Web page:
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Date: Wed, 21 Aug 2002 09:37:36 -0700
From: Michael Andre-Driussi 
Subject: (urth) PEACE: odd Dr. Van Ness and today's Doris

Roy Lackey wrote:
>Other characters are being "puppetized", to the extent that words are being
>put into their mouths by frametale-Weer that could not possibly have been
>uttered by them in real life. In addition to Sherry's noncommittal response
>to Weer's comment about the stroke he hadn't had in real life, there is the
>business with Lois questioning Weer's having given her a future phone
>number, sans exchange letters, and his telling her that he had been waiting
>for her at his desk (and he was, so to speak--in the frametale) when in real
>life he had waited in his car. She asked if he meant he had propped a book
>against the steering wheel. Such comments would never have been made by her
>in real life. And, of course, the entire conversation 4-year-old Den had
>with Dr. Black never happened outside of the frametale. Parts of Weer's
>visit(s) with Dr. Van Ness contain dialogue that never happened except in
>the memory mansion.

Well yes, but these cases of frametale vs. main-tale interaction oddities
do not rise to the level of puppetry as proposed in the case of Unicorn
Charlie (where Baton and Birkhead see Charlie and comment about Charlie to
Weer).  I've said before and I say again that these cases you cite show how
the others are =resisting= Weer's tinkering,  how they are deftly avoiding
becoming puppets.  Weer does not have that kind of control over them in the
early parts of the book.  (I would like to correct an earlier mistake I
probably made: Charlie Turner visits the plant in "Gold," section four; the
letter from Charlie Turner, with the Doris story, comes in "The President,"
section five.)

As for the statement "Such comments would never have been made by her in
real life," I strongly disagree.  Her comments are exactly what we would
expect from a person responding to a non sequitorial, off-topic,
out-of-the-blue comment.  The comments from Sherry and Dr. Black are the

There may be a difference in Dr. Van Ness, because he seems to engage with
Weer at key points of what is apparantly a huge pile of time-slippage.  For
example, if Weer in 1974 had a non-lethal stroke and went to Dr. Van Ness,
this establishes a lot of the groundwork (which is then scrambled through
time slippage), but at that point where Dr. Van Ness tells Weer his stroke
is two decades in the future (and nubile Sherry Gold is in the next room),
that means that Dr. V (1954) is really interacting with Weer (2274) via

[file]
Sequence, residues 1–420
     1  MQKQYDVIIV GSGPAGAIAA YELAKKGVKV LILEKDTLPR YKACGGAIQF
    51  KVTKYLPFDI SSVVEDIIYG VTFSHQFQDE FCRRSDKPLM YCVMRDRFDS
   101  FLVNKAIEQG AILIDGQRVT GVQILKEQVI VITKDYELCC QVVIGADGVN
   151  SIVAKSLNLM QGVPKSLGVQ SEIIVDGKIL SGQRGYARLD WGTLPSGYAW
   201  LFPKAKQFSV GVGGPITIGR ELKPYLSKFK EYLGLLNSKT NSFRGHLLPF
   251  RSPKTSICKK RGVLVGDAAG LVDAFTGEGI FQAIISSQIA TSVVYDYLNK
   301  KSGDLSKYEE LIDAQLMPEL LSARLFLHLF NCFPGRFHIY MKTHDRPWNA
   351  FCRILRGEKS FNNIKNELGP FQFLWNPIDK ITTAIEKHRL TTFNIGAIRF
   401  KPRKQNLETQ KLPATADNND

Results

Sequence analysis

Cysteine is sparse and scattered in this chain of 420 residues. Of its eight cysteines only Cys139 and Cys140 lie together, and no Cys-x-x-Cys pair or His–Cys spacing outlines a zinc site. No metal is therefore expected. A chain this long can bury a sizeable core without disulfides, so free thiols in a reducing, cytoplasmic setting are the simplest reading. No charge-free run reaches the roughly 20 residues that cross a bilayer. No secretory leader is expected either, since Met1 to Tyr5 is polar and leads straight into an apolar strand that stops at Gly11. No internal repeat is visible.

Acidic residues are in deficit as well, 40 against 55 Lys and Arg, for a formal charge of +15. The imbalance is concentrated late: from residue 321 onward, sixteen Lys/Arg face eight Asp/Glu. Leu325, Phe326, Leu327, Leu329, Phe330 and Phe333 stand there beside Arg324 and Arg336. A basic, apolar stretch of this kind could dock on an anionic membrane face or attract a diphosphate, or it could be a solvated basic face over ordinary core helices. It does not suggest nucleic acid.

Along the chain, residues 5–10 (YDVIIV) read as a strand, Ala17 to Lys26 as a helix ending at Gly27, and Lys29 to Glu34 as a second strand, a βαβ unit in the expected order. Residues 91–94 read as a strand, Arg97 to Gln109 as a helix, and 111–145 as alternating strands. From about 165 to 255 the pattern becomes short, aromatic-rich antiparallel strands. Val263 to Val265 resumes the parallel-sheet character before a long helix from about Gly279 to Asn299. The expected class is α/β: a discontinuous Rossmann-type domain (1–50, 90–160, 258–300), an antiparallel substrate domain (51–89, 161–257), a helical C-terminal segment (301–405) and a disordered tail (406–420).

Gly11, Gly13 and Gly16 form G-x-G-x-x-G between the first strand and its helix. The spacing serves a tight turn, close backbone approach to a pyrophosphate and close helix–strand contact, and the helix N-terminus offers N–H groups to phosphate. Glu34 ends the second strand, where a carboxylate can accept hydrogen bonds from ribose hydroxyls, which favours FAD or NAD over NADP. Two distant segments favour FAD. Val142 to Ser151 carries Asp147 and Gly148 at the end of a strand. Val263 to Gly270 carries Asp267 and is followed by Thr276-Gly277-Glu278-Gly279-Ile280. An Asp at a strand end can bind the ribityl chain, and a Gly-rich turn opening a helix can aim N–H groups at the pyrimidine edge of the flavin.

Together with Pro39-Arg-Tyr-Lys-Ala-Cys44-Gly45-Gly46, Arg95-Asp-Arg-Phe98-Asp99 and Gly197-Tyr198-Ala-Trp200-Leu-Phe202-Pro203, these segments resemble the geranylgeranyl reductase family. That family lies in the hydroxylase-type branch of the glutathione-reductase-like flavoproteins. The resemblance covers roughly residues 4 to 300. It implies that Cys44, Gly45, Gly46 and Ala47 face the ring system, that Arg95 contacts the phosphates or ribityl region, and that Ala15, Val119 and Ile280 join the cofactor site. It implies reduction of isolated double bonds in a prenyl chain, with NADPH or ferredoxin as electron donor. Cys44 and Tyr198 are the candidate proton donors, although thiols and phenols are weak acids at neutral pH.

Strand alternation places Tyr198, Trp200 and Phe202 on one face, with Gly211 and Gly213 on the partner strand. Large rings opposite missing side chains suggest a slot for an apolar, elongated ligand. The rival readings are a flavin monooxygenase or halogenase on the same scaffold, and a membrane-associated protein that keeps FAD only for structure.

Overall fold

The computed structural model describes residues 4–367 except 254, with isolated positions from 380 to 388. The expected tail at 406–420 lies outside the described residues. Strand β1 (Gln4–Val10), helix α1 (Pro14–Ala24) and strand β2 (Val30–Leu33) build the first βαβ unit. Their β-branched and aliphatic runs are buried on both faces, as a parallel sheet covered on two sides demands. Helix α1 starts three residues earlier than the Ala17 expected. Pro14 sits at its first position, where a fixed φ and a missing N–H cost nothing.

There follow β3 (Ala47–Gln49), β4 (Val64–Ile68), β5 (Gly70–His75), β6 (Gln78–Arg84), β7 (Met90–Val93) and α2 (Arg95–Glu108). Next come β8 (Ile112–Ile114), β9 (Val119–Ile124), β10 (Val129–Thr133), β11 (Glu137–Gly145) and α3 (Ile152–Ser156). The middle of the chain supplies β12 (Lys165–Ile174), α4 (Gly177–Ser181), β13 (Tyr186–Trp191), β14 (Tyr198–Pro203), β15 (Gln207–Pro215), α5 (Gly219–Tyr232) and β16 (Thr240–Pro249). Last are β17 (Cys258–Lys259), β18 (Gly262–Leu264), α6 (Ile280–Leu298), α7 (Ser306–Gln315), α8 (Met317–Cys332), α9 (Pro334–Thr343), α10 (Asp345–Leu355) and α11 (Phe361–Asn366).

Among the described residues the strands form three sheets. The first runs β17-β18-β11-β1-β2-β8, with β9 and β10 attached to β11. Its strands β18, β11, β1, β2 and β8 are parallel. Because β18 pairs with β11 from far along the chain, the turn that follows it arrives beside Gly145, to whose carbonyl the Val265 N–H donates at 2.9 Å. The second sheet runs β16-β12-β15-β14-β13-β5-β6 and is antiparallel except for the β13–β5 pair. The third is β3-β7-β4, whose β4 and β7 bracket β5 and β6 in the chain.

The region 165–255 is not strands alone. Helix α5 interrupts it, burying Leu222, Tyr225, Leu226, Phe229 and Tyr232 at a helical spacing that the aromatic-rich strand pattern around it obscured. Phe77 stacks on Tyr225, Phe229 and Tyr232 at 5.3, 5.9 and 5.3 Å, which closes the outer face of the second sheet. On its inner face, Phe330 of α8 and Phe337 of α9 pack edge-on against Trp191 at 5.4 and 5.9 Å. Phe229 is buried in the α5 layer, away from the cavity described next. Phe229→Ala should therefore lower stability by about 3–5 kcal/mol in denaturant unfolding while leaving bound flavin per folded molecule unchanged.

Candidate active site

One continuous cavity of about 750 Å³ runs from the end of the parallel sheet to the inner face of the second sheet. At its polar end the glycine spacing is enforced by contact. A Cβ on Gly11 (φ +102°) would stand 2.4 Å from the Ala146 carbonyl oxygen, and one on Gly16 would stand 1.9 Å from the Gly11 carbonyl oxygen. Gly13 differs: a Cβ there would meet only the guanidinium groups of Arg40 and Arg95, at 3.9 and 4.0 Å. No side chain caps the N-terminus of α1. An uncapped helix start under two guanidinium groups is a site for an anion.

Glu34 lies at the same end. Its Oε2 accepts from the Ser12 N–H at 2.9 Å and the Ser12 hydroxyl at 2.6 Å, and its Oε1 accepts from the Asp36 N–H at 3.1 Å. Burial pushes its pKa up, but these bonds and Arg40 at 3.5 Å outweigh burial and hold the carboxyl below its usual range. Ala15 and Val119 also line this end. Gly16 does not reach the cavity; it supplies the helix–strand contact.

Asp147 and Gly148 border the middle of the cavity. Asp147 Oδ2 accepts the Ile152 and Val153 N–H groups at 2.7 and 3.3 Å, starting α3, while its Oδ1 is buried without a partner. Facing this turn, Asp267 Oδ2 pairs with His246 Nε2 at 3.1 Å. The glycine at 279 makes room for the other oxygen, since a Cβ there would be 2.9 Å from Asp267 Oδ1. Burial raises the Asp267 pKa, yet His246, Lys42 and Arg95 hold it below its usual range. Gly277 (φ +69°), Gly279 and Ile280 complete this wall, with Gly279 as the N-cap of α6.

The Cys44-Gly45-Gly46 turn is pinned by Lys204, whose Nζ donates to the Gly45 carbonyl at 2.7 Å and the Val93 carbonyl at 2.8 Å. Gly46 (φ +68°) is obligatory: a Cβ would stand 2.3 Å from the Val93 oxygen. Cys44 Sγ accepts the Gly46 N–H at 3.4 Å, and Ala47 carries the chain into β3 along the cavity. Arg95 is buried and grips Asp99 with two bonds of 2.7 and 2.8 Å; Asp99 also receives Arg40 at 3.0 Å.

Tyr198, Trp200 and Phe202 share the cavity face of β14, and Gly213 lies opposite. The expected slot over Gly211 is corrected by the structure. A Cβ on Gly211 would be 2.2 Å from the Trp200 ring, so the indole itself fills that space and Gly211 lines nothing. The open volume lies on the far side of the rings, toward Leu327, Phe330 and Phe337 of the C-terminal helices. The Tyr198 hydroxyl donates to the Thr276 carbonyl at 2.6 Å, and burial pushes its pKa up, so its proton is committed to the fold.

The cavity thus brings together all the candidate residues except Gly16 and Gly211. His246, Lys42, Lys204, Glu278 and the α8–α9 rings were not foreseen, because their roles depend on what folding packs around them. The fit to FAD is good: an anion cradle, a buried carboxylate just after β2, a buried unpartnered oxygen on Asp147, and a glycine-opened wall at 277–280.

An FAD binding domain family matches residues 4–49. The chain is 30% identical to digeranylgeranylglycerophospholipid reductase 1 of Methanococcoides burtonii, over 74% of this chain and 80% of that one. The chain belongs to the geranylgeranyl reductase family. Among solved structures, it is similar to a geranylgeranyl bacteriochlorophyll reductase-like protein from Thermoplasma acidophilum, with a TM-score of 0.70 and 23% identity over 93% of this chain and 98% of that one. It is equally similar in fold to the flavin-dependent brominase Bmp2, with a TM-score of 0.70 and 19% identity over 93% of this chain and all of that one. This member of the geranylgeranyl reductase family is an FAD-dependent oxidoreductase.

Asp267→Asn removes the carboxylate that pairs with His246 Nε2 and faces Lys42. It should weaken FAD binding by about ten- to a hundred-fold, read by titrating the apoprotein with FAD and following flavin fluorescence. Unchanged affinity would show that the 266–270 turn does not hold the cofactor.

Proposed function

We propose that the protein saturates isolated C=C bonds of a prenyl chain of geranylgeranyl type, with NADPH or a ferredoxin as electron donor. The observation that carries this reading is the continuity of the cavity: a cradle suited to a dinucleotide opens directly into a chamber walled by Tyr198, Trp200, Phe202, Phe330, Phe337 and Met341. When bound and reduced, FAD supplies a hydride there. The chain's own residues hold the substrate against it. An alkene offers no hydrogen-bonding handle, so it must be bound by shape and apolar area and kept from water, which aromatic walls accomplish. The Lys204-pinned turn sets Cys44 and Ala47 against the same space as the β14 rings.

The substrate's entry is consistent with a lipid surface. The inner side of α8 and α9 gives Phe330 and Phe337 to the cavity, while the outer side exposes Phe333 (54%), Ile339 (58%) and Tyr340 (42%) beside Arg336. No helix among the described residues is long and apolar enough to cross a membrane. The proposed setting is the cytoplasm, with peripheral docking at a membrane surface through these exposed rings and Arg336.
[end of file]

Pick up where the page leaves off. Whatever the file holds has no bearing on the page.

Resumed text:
Weer (1974).

But this is one exception among many other cases.

Back to the Doris letter.  We are agreed, iirc, that if it is real then it
came to Weer in 1963 or so, not too long after the three visitors
(including Charlie Turner).

When Weer tries to show the photos to Miss Birkhead, it is apparently 1974.
More to the point, it is after Weer's stroke.

Because the Doris story comes after the Gold section, today I'm thinking
that Doris is Sherry Gold herself, and as such the tale is about her
post-Weer life, ending with her death in 1974, a span of 20 years
compressed into a gothic carny fairy tale.  (Mrs. Gold's comments about how
the Jews could have been like gypsies feeds into this.)

So I am in a position where I can easily see the letter as a fictionalized
warping, just as the fairy tales that Weer reads (the suitors; the marid)
are based upon something (Grimm's fairy tales; Arabian Nights) but in
reality are not found there sources they claim to be from: instead they are
coinages to transmit disguised stories affecting Weer's heart.

That is to say: even though I cannot find the story of the suitors in
Grimm's fairy tales, I do not deny the existence of Grimm's fairy tales,
nor do I suppose that Weer did not read such fairy tales; the same holds
for the Arabian Nights.  Holding to this, I suppose that there really was a
letter from Charlie, and it had a lot of the elements still recognizable in
the letter we have (especially the scam angle, since I believe Charlie is
trying to work Weer).  The letter may have been forgettable in 1964, but it
has become important because of what happens in 1974 (Sherry Gold's death
closely followed by Weer's stroke), and Weer has warped the seedy scam
come-on (with all its images of underage women and middle-age men) into a
eulogy for Sherry.

(Still, I'll admit that I haven't found such hard evidence as the tale's
suitors linking to Olivia's suitors, nor the way the character names in the
marid story point the way.)

If one can follow this, then the wild time-splicing around Sherry Gold in
the waiting room of Dr. Van Ness makes a lot of sense:

Weer (2274) remembers/relives Weer (1970-something), fat president going to
the doctor for a check up, where he sees Sherry Gold (which reminds him of
1974: he talks to the nurse as Weer [1974]), and after distracting himself
with magazines for a while, when he next sees Sherry she is 16 years old,
i.e., Weer is now the skinny loser Weer (1954), but he persists in talking
to the doctor as Weer (1974).



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